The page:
Senator Dick Durbin’s (D-IL) amendment to the Financial Overhaul Bill is set to go into effect in April that will allow Obama and the Federal Reserve to set the prices of debit card interchange fees.
That may sound like a boring topic, but consider this: because of Dick Durbin’s amendment, banks are about to restrict the number of and amount of daily debit card purchases you can make. That’s right. JP Morgan is considering capping your debit card purchases at $50.00 to $100.00 per purchase.
Lenders have repeatedly warned that the proposal, in its current form, will force them to cut benefits on debit-cards and impose new fees and restrictions.
Banks say they are considering many options in response; Bank of America Corp., Wells Fargo & Co. and J.P. Morgan have already begun to revamp debit programs.
Why? With the government setting price controls on debit card interchange fees, banks can’t make money off them. Consequently, they’ll be forced to push you and me into actual credit cards to make money. But that’s not all.
The Fed has been talking about capping the interchange fee at 12 cents per transaction, barely ¼ of the current average fee of 44 cents. That means that local banks and credit unions will have to find other ways to make up revenues that will be lost. The banks’ loss, however, is the big box retailers’ gain.
The CEOs, working in cahoots with Durbin and the then filibuster proof Democrat Senate, are thrilled with the extra profits they will make once the rule goes into effect. Home Depot Exec, Carol Tome has said, “Based on the Fed’s draft regulations, we think the benefit to The Home Depot could be $35 million a year,” an amount they are willing to fight for. The lobbying efforts of these merchants have killed any attempts to codify passing savings along to the consumers, guaranteeing that retailers will get all of the profits for themselves.
On the eve of the vote, Wal-Mart donated $20 million to Durbin’s hometown of Chicago; just a small amount compared to the extra profits they plan to line their pockets with once the rule is enacted.
The merchants’ current position is to lobby Republican leaders and ask them to do nothing, which is in fact, allowing Dick Durbin, Ben Bernanke and the Fed to price fix.
In a February hearing of the House Subcommittee on Financial Institutions and Consumer Credit on the Durbin Amendment Interchange Rule, Jeb Hensarling (R-TX) attempted to highlight the lack of consumer benefits this rule will impose when addressing 7-Eleven VP David Seltzer,
“If Congress does not act to delay this for further study, when the Federal Reserve rule is implemented, if I go to the 7-Eleven in Lakewood, Texas, in the Lakewood neighborhood of Dallas, Texas, can I expect a gallon of milk to drop in price? Can I expect a gallon of gas to drop in price?… I expect you don’t know the answer to the question, but I want to make a point here… Do you know what the incremental cost is of producing a Slurpee? I just wonder how 7-Eleven would feel if the Federal Reserve came in with a rule that said you can only recover the incremental cost of selling a Slurpee. My guess is the ice and the fruit flavor don’t cost a whole lot, but you got a lot of fixed cost. I think you get the point.”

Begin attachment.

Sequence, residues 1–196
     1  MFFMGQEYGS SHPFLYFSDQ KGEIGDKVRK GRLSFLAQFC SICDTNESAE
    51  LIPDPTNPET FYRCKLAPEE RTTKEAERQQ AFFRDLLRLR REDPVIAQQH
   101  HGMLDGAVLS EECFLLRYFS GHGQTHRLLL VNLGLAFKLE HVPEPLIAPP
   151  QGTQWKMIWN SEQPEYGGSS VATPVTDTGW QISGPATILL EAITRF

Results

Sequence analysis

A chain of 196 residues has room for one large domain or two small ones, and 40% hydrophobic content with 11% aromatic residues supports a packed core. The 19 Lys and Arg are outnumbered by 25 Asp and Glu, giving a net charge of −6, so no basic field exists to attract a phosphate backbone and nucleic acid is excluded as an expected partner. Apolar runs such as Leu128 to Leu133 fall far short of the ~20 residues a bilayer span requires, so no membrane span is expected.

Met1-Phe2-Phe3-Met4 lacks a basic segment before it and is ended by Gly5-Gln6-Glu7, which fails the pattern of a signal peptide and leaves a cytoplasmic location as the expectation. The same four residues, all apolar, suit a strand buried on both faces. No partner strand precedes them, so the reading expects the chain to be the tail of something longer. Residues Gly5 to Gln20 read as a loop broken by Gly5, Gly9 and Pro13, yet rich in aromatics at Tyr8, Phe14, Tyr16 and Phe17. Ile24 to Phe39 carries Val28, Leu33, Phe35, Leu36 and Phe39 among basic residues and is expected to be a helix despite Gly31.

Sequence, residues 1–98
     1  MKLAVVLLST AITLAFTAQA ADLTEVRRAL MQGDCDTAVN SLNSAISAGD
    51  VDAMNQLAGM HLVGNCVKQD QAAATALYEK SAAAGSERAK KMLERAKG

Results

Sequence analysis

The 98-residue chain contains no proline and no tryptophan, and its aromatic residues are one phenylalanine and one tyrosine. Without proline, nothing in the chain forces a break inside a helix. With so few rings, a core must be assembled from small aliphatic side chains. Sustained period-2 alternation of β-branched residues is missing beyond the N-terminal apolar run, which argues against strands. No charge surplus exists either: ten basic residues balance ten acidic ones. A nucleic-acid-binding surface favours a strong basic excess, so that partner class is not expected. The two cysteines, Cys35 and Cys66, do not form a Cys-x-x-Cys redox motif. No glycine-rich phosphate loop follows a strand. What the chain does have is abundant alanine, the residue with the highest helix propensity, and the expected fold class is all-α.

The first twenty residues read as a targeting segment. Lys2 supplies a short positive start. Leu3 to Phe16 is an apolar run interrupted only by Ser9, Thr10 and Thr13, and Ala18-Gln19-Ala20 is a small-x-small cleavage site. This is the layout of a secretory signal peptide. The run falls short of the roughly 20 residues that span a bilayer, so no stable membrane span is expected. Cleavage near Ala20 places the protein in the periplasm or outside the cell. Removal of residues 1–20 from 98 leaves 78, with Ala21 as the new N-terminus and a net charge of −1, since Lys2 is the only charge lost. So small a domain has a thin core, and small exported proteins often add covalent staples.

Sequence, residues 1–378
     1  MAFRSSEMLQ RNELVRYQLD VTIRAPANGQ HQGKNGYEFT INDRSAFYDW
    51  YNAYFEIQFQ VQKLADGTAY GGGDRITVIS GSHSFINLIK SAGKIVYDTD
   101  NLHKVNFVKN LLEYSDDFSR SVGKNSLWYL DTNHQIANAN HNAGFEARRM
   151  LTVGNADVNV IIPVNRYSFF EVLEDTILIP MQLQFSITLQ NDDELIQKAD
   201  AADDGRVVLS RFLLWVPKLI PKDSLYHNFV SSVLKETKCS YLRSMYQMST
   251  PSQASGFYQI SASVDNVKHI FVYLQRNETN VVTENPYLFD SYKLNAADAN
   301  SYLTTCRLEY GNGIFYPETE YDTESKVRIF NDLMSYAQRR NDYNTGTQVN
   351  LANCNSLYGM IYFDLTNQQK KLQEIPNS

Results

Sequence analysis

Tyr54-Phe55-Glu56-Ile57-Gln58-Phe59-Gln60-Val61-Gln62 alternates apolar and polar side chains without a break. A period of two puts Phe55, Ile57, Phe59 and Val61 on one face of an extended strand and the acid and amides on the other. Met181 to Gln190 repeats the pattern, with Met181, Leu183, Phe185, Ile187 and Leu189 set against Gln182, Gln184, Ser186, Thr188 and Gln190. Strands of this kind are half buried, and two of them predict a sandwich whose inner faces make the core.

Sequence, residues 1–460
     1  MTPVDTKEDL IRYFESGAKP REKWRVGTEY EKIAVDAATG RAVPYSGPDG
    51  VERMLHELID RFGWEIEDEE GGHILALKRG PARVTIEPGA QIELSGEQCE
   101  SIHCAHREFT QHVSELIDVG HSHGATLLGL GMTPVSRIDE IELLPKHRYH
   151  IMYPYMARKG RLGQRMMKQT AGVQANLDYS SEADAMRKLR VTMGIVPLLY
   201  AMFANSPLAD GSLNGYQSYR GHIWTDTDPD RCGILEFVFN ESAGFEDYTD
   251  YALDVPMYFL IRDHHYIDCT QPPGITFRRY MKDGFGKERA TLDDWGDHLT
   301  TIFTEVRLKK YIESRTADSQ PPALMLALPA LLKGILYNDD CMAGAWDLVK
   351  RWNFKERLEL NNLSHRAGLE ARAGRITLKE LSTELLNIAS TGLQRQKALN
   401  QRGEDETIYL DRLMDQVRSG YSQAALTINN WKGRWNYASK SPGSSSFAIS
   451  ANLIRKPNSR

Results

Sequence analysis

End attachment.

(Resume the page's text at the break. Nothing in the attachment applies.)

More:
So much for consumer protection! Not only can consumers not expect to see prices go down as a result of this rule, many banks are saying that they will have to “abandon free checking and boost other charges to consumers to recover lost revenue,” (Daily Caller). Then there’s the debit card restrictions. Better find that old checkbook wallet.
But merchants need to beware of what they are asking for. Allowing the Obama administration to fix prices could come back to bite them when the next logical step, controlling the price of consumer goods, follows.
Some in the GOP believe that there’s no point in doing anything, since the Senate can’t move a bill. That line of thinking would continue the reckless deficit spending that Harry Reid seems intent to continue.
Thankfully, there is a courageous band of renegade conservatives that need to be commended for fighting for conservative principles. Representatives Spencer Bachus (R-AL), Shelley Moore Capito (R-WV), Jason Chaffetz (R-UT), Jeb Hensarling (R-TX), Randy Neugebauer (R-TX), Jim Renacci (R-OH), Sean Duffy (R-WI) and Senators Bob Corker (R-TN), Mike Lee (R-UT), Rand Paul (R-KY) and Pat Roberts (R-KS) will not take the do nothing bait. They need more conservatives to co-sponsor legislation so the free market can continue.
Let’s just hope they can convince the rest of their colleagues to join in the fight to stop Ben Bernanke from price fixing.
Standing idly by, is an endorsement of Obama Administration price controls and Dick Durbin’s leadership.
It is also an abdication of conservative principles and responsibility.